By grace you have been saved through faith. And this is not your own doing; it is the gift of God, not a result of works, so that no one may boast. ~ Ephesians 2:8-9
Singer/Songwriter Dustin Kensrue has one of the most unique voices in the worship music landscape. First rising to fame as the frontman & lead guitarist of the popular alternative rock band Thrice, Kensrue's singing has an edge to it that lends power and emotion to his music, a trait that came with him as he began serving as a Worship Pastor and hymn writer.
I've often said that one of the marks of a well-written hymn is its ability to be adapted to a number of different styles. Grace Alone is a great example of this. Listen to how well this song "works" in a variety of musical settings, beginning with Dustin Kensrue's band The Modern Post giving it an uptempo, alt rock vibe:
The recording by King's Kaleidoscope is quite different, beginning with a more subdued sound and slower tempo, but adding a lot of interesting elements as the song progresses. I particularly love the chromatic bass line at the beginning of the third verse (which is appropriately unsettling given the lyrics at that point of the song) giving way to the full band entering at the point where the Holy Spirit's touch awakens the sleeping spirit of the sinner. It's a very effective arrangement, and the horn section at the end is the icing on the cake!
Finally, Jonathan Ogden's rendition turns this hymn into a very introspective, prayerful ballad.
I was an orphan, lost at the Fall,
Running away when I'd hear You call,
But Father, You worked Your will.
I had no righteousness of my own;
I had no right to draw near Your throne;
But Father, You loved me still.
And in love, before You laid the world's foundation
You predestined to adopt me as Your own.
You have raised me so high above my station;
I'm a child of God by grace, and grace alone.
You left Your home to seek out the lost;
You knew the great and terrible cost,
But Jesus, Your face was set.
I worked my fingers down to the bone;
Nothing I did could ever atone,
But Jesus, You paid my debt.
By Your blood I have redemption and salvation;
Lord, You died that I might reap what You have sown,
And You rose that I might be a new creation;
I am born again by grace, and grace alone.
I was in darkness all of my life;
I never knew the day from the night,
But Spirit, You made me see.
I swore I knew the way on my own;
A head full of rocks, a heart made of stone.
But Spirit, You moved in me.
And at Your touch my sleeping spirit was awakened;
On my darkened heart the light of Christ has shown.
Called into a kingdom that cannot be shaken,
Heaven's citizen by grace, and grace alone.
So I'll stand by faith in grace, and grace alone;
I will run the race by grace, and grace alone;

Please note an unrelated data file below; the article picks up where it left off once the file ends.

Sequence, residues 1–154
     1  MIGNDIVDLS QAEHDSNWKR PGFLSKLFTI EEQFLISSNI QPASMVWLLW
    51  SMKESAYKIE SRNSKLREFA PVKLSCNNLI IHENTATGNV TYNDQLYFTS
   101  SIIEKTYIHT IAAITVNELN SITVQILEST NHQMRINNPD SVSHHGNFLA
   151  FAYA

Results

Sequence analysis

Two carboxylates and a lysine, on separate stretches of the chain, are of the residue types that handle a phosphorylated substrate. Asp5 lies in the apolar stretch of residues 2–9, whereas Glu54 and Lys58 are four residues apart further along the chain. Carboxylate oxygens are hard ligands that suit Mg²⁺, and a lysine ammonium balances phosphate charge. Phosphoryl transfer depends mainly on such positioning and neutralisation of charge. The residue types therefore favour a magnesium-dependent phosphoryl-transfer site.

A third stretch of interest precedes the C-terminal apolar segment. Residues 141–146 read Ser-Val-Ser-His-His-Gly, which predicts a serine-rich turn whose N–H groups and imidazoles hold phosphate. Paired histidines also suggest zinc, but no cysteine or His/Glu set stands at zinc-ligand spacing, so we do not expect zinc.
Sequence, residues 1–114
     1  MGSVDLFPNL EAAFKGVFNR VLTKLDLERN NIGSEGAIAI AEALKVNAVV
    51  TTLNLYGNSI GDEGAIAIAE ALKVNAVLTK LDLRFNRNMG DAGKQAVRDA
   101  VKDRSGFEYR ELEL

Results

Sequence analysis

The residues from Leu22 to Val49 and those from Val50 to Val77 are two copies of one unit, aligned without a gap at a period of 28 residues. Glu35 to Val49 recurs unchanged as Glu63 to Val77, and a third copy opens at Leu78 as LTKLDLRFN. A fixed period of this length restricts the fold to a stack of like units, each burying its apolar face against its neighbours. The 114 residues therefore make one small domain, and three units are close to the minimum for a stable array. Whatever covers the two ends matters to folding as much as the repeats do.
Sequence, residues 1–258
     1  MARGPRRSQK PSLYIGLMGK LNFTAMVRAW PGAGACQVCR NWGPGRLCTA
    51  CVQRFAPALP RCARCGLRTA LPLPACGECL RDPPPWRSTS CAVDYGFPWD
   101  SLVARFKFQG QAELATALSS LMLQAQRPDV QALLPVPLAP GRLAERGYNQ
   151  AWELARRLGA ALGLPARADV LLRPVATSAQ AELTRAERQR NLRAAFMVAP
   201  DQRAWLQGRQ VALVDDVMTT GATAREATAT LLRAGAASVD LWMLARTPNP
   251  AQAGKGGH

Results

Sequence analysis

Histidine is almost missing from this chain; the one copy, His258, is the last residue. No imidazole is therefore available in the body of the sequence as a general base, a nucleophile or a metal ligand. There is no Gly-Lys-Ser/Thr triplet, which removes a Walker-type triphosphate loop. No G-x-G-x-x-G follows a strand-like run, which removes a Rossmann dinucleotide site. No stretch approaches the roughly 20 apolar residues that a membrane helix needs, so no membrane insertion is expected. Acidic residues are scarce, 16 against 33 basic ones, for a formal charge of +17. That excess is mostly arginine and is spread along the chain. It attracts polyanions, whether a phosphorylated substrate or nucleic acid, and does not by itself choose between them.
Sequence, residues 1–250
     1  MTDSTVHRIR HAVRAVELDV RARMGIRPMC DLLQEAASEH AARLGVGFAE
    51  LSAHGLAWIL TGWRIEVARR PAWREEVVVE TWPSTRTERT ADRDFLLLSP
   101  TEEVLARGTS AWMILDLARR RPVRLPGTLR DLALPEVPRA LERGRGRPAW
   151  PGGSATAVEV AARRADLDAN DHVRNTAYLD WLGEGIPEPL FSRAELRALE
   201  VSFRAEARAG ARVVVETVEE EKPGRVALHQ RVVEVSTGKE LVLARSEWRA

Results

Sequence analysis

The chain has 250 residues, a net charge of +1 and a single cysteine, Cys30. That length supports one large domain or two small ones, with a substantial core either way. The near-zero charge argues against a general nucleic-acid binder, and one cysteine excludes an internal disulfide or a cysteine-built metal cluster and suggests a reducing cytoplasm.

I will slay my sin by grace, and grace alone;
I will reach the end by grace, and grace alone.
The story of the Gospel is a study in contrasts. Who we are & who God is. Our weakness & God's strength. Our sinfulness & Christ's righteousness.
One of the greatest contrasts in Scripture is life under the Law, and life under Grace. When God gave the Law in the Old Testament, he revealed to mankind the standard by which holiness is measured, and without which no one can see the Lord (Hebrews 12:14). Yet it is a standard to which no sinner can ever attain. A life lived under the Law is a life of darkness, oppression, and futility, as all our best efforts at achieving holiness are doomed to failure.
Thus the Law was God's good gift to man because it showed us our need for a Savior who could fulfill the demands of the Law on our behalf (Galatians 3:23-24). It showed us that our salvation could only be accomplished through the unmerited grace of our thrice holy God. When a sinner who has been attempting to live under the law receives God's saving grace, the transformation is dramatic! In fact, God's Word describes it repeatedly as passing from death into life.
The key passage here is Ephesians 2, which contains in verse four what are perhaps the two most important words in Scripture: "But God." Verses 1-3 tell us we were dead in our sin, and that it is in our very nature to follow the passions and desires of our flesh in disobedience to God. Then we come to the hinge point of verse 4:
But God, being rich in mercy, because of the great love with which he loved us, even when we were dead in our trespasses, made us alive together with Christ—by grace you have been saved.
This hymn, which is Trinitarian in nature (with a verse dedicated to each Person of the Trinity), captures well the lostness in which we were born, and the newness of life to which Christians have been born again. We see and sing repeatedly what life was like under the Law, followed by several "but God" statements which point us to the many ways in which the Father, Son, and Spirit have redeemed us by Grace. The contrast couldn't be more stark!
The song is absolutely saturated with Scripture as well. Here's a quick tour: